Analysis Of The Types Of Change

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Analysis of the Types of Change
“An organization is a complex system of relationships between people, leaders, technologies and work processes” and those interactions influence organizational behavior, culture and performance (Lorenzi & Riley, 2000). As humans, we are vulnerable to making errors. Relying on a computer to verify information and complete repetitive tasks minimizes errors that may be more frequently made, and less frequently caught, by a person and also makes the verification and delivery process a lot more efficient too (American Hospital Association, n.d.). The need for change, in how medication was ordered and delivered, was properly identified by the pharmacy department at General Hospital. The new technology, when used
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Cultural Change Though operational change is the biggest change impacting the organization, there is also a strong presence of cultural change. Cultural change “affects the basic organizational philosophies by which the business is conducted (Lorenzi & Riley, 2000).” Culture is a combination of shared history, explicit values and beliefs, and common norms and behaviors (Jones, Aguirre, & Calderone, 2004). The manual process, that the organization is demanding to be restored, was not focused on patient safety and is being pushed to change by industry-wide cultural change to improving the patient experience and minimizing errors that reach the patient. When the culture becomes focused on constantly improving how they meet the patient’s needs, there is a justification that is established for the rapid and frequent changes by the organization. The healthcare culture is becoming more reliant on technology and the cultural change is causing a loss of face to face interactions and is changing how responsibility for patient safety appears in one’s job duties (Lorenzi & Riley, 2000).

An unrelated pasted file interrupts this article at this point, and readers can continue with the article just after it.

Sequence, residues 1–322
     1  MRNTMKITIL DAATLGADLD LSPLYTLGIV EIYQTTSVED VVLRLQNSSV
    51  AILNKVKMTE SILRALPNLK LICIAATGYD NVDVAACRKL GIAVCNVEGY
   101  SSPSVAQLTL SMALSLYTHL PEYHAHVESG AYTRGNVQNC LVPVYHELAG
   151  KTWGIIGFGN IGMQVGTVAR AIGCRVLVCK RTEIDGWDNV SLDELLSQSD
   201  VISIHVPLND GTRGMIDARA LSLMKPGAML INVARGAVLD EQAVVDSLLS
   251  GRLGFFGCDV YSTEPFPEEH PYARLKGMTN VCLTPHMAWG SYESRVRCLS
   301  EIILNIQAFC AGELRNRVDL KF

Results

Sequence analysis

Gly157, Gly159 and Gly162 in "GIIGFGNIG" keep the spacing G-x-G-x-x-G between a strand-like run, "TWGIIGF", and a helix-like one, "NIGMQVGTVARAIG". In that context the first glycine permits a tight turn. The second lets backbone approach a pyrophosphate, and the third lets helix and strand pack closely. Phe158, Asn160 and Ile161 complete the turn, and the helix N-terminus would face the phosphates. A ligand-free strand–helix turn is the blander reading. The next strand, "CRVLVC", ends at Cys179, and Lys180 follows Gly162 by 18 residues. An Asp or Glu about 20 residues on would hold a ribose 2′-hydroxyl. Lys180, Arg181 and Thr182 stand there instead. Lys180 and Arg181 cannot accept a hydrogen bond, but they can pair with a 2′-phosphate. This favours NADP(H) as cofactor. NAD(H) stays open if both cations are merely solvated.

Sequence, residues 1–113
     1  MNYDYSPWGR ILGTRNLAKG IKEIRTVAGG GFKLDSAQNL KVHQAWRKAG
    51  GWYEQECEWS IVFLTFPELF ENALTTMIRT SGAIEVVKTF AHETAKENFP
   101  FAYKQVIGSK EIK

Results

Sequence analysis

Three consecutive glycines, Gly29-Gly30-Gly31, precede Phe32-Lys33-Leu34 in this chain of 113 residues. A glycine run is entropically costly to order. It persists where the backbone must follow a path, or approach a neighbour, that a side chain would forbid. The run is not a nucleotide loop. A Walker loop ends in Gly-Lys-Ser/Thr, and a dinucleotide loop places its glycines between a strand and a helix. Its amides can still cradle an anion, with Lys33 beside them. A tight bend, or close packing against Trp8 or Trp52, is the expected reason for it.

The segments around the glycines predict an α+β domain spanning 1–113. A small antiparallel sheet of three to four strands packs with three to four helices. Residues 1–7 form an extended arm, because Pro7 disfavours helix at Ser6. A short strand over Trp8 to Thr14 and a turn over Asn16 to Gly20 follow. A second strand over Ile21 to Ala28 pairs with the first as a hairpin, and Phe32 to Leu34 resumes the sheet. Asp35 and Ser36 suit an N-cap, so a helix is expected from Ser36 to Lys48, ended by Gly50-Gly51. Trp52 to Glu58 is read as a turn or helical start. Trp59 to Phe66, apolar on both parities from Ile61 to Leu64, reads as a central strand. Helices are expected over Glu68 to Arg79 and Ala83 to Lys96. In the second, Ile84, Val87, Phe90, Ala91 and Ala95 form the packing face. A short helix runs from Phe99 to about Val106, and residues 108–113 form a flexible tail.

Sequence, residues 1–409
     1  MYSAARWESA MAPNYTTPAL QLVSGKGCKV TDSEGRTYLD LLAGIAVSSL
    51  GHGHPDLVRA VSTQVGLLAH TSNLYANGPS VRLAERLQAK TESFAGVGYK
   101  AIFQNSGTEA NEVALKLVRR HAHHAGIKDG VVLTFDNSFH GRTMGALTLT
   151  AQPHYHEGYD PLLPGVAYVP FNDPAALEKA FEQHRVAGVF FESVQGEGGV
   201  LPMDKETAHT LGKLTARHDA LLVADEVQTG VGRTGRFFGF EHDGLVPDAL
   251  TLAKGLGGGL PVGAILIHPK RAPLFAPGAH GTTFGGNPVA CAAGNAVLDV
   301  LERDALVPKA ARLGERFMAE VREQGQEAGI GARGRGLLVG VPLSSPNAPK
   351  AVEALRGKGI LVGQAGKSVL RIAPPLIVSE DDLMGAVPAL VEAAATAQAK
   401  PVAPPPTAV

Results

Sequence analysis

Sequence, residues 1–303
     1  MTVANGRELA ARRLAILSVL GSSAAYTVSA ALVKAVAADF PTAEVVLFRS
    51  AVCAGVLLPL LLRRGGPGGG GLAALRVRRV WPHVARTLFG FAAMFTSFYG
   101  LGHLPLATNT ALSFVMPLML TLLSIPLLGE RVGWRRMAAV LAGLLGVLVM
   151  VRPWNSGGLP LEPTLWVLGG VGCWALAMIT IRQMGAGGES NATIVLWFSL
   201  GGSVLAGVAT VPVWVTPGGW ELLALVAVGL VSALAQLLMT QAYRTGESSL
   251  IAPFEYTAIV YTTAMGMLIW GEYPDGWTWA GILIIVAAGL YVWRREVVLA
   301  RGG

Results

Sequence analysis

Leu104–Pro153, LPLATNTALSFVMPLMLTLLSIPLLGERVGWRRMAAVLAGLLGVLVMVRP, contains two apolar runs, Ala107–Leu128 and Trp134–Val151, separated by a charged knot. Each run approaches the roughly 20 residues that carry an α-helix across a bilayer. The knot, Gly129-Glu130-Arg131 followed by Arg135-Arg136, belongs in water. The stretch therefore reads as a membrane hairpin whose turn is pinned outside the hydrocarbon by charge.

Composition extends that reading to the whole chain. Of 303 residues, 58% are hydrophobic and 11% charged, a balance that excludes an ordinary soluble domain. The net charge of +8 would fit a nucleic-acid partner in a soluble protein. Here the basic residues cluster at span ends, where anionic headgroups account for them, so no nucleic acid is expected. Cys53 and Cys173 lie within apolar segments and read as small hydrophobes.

Understanding the Resistance to Change
“Any significant transformation creates “people issues.” New leaders will be asked to step up, jobs will be changed, new skills and capabilities must be developed, and employees will be uncertain and resistant (Jones, Aguirre, & Calderone, 2004).” Combining this definition with the types of changes facing General Hospital, it is not
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